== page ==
RALEIGH (January 8, 2021) – The North Carolina Justice Center stands with people around the nation and world in our horror at the insurrection led by a white supremacist mob at the United States Capitol. We condemn President Donald Trump and his closest allies, who inspired this appalling act of violence, and seek action to prevent future anti-democratic takeover attempts of our country.

Wednesday’s action should be called out for what it was: an attempted coup of the United States government. The roots of the insurrection, planted in our nation’s past, have been spreading even further for four years with the hateful rhetoric, racist language, and intentional spread of conspiracy theories and disinformation by the President and his allies, many of whom knew better. Whether it is by invoking the 25th Amendment, impeachment, or voluntary resignation, the United States is not safe, strong, or secure until  Donald Trump is no longer president.

We appreciate the many Senators and Representatives in Congress who, in bipartisan fashion, did their duty and refused to allow these terrorists to succeed in their attempts to disrupt and prevent the lawful certification of the President and Vice-President-elect. On the other hand, those who objected to the certification of the lawful results of what has been deemed the safest and most secure election in U.S. history – based on nothing more than spurious, baseless, politically deranged allegations of voter fraud, aimed at disenfranchising millions of voters – must be uniformly condemned. These elected officials not only failed to uphold their constitutional duty, but put the nation, our democracy, and their colleagues at serious risk. Their actions – which will be remembered by constituents moving forward – only stoked the fires attempting to burn down our democracy. Just as the first set of Senators and Representatives should be remembered for their courage and urged to continue standing up for democracy, the latter set should be remembered for their cowardice at a time when the nation most needed their leadership.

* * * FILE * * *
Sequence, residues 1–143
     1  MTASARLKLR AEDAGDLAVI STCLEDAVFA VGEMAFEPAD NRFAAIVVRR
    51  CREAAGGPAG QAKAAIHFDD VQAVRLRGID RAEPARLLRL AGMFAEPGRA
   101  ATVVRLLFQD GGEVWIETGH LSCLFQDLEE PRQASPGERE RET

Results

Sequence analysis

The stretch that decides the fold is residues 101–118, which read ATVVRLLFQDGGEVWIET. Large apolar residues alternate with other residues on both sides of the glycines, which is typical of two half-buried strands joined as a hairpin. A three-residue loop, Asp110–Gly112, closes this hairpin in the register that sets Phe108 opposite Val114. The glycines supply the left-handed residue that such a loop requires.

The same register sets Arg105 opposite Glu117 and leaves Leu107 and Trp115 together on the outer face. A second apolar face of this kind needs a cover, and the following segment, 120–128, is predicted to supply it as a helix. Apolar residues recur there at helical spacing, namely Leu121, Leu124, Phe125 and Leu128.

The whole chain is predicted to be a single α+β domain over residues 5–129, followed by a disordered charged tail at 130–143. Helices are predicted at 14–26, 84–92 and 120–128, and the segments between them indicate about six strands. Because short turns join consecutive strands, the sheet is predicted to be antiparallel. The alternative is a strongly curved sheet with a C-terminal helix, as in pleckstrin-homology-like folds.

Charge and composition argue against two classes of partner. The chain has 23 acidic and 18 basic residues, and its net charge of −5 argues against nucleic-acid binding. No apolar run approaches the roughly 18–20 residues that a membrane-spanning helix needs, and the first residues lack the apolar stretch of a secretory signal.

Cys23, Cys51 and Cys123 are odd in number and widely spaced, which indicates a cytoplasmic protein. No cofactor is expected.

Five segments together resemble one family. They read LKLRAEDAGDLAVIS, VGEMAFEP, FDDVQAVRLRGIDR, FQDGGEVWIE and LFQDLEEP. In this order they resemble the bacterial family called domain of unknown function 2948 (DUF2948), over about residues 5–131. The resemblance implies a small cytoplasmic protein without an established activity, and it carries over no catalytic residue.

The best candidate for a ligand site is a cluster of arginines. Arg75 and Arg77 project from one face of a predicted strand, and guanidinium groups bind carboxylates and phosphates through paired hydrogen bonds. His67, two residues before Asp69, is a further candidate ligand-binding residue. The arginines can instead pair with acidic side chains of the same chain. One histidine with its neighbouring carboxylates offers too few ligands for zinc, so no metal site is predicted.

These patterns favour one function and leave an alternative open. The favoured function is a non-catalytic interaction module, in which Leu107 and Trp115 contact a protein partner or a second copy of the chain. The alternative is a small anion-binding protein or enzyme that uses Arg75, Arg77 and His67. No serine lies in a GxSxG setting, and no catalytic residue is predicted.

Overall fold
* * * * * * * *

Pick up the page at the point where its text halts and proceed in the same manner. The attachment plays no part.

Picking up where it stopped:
There are insufficient words to express our frustration and outrage with some law enforcement agencies’ response or lack thereof to the domestic terrorists’ siege of the U.S. Capitol. Throughout history, law enforcement has too often been used as a weapon to silence, harm, and even kill people of color — especially Black and Brown people—when they were assembled for peaceful protest. What occurred Wednesday was not a peaceful protest; it was an insurrection and riot. And, it was dominantly conducted by white nationalists, militia groups, and people committed to the overthrow of our government. These extremists were allowed to terrorize, loot, and damage the Capitol and those trapped inside. The pictures from this week and their juxtaposition to the images of peaceful protestors from the movement for Black lives this past summer are seared into our memories. This must form the basis for a renewed commitment to racial equality and equal justice under the law for everyone in our nation as well as the preservation, improvement, and strengthening of our democracy.

Our democracy is fragile and it remains on the precipice. If we fail to prosecute vigorously and exigently those who, in premeditated fashion, assaulted the most visible symbol of our nation, and terrorized its occupants; if we fail to deter those who are planning, some right out in open cyberspace, to plot future attacks; we will continue to put public officials, indeed the public, at risk. What we do next as a country matters, not only for our democracy but for our reputation across the globe. We must remain vigilant and unwavering in our commitment to the fundamental values of truth, fairness, and equity. The contrast between the violent disruption of  peaceful protests last June and terrorists roaming the halls of the Capitol with impunity tarnishes the very bedrock of justice we all espouse as Americans.

On January 20, 2021, the United States will have a new President and Vice President. But whether we learn our lessons from January 6, 2021, will determine our destiny as a people. We all have much work to do — together.